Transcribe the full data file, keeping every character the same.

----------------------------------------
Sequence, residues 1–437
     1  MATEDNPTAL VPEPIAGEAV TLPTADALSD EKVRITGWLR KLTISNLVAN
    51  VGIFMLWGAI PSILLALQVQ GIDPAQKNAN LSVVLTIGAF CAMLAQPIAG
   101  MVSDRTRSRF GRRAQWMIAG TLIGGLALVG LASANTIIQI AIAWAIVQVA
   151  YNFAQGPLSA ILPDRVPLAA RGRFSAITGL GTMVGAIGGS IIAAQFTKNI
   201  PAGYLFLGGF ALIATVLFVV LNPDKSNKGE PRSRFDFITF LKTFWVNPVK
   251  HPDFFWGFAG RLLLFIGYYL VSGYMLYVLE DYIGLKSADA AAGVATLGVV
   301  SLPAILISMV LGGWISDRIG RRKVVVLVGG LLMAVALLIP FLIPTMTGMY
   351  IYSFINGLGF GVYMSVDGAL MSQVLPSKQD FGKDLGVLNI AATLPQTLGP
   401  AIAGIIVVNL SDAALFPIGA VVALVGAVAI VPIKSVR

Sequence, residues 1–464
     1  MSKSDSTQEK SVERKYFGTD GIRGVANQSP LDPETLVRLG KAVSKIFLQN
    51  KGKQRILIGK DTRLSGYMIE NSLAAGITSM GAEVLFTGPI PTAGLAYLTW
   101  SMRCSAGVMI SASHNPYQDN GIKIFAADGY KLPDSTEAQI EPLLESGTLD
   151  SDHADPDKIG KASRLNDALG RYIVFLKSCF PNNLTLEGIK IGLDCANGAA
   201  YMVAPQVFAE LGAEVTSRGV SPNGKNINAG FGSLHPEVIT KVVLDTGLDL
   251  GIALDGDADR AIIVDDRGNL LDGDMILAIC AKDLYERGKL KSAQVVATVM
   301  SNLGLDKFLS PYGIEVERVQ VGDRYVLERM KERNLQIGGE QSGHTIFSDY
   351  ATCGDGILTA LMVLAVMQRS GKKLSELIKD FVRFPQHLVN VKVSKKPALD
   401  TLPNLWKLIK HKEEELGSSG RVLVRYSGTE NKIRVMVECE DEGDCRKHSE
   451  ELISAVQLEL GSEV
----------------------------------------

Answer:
Sequence, residues 1–437
     1  MATEDNPTAL VPEPIAGEAV TLPTADALSD EKVRITGWLR KLTISNLVAN
    51  VGIFMLWGAI PSILLALQVQ GIDPAQKNAN LSVVLTIGAF CAMLAQPIAG
   101  MVSDRTRSRF GRRAQWMIAG TLIGGLALVG LASANTIIQI AIAWAIVQVA
   151  YNFAQGPLSA ILPDRVPLAA RGRFSAITGL GTMVGAIGGS IIAAQFTKNI
   201  PAGYLFLGGF ALIATVLFVV LNPDKSNKGE PRSRFDFITF LKTFWVNPVK
   251  HPDFFWGFAG RLLLFIGYYL VSGYMLYVLE DYIGLKSADA AAGVATLGVV
   301  SLPAILISMV LGGWISDRIG RRKVVVLVGG LLMAVALLIP FLIPTMTGMY
   351  IYSFINGLGF GVYMSVDGAL MSQVLPSKQD FGKDLGVLNI AATLPQTLGP
   401  AIAGIIVVNL SDAALFPIGA VVALVGAVAI VPIKSVR

Sequence, residues 1–464
     1  MSKSDSTQEK SVERKYFGTD GIRGVANQSP LDPETLVRLG KAVSKIFLQN
    51  KGKQRILIGK DTRLSGYMIE NSLAAGITSM GAEVLFTGPI PTAGLAYLTW
   101  SMRCSAGVMI SASHNPYQDN GIKIFAADGY KLPDSTEAQI EPLLESGTLD
   151  SDHADPDKIG KASRLNDALG RYIVFLKSCF PNNLTLEGIK IGLDCANGAA
   201  YMVAPQVFAE LGAEVTSRGV SPNGKNINAG FGSLHPEVIT KVVLDTGLDL
   251  GIALDGDADR AIIVDDRGNL LDGDMILAIC AKDLYERGKL KSAQVVATVM
   301  SNLGLDKFLS PYGIEVERVQ VGDRYVLERM KERNLQIGGE QSGHTIFSDY
   351  ATCGDGILTA LMVLAVMQRS GKKLSELIKD FVRFPQHLVN VKVSKKPALD
   401  TLPNLWKLIK HKEEELGSSG RVLVRYSGTE NKIRVMVECE DEGDCRKHSE
   451  ELISAVQLEL GSEV